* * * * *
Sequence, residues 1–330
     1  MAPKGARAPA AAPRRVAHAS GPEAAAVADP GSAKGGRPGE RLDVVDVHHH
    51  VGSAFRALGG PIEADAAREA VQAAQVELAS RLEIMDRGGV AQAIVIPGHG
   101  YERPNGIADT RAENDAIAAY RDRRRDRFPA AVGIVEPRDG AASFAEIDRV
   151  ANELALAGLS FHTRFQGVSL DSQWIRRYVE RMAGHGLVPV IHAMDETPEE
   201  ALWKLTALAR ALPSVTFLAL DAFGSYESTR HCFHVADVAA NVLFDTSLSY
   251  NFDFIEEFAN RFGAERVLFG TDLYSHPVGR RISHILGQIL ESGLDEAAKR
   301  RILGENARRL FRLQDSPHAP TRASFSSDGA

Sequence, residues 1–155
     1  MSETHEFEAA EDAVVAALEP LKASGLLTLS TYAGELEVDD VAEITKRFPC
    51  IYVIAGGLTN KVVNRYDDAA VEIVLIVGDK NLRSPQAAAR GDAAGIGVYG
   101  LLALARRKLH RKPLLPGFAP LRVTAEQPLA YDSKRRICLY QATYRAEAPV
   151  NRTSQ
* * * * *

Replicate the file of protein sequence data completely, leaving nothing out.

Sequence, residues 1–330
     1  MAPKGARAPA AAPRRVAHAS GPEAAAVADP GSAKGGRPGE RLDVVDVHHH
    51  VGSAFRALGG PIEADAAREA VQAAQVELAS RLEIMDRGGV AQAIVIPGHG
   101  YERPNGIADT RAENDAIAAY RDRRRDRFPA AVGIVEPRDG AASFAEIDRV
   151  ANELALAGLS FHTRFQGVSL DSQWIRRYVE RMAGHGLVPV IHAMDETPEE
   201  ALWKLTALAR ALPSVTFLAL DAFGSYESTR HCFHVADVAA NVLFDTSLSY
   251  NFDFIEEFAN RFGAERVLFG TDLYSHPVGR RISHILGQIL ESGLDEAAKR
   301  RILGENARRL FRLQDSPHAP TRASFSSDGA

Sequence, residues 1–155
     1  MSETHEFEAA EDAVVAALEP LKASGLLTLS TYAGELEVDD VAEITKRFPC
    51  IYVIAGGLTN KVVNRYDDAA VEIVLIVGDK NLRSPQAAAR GDAAGIGVYG
   101  LLALARRKLH RKPLLPGFAP LRVTAEQPLA YDSKRRICLY QATYRAEAPV
   151  NRTSQ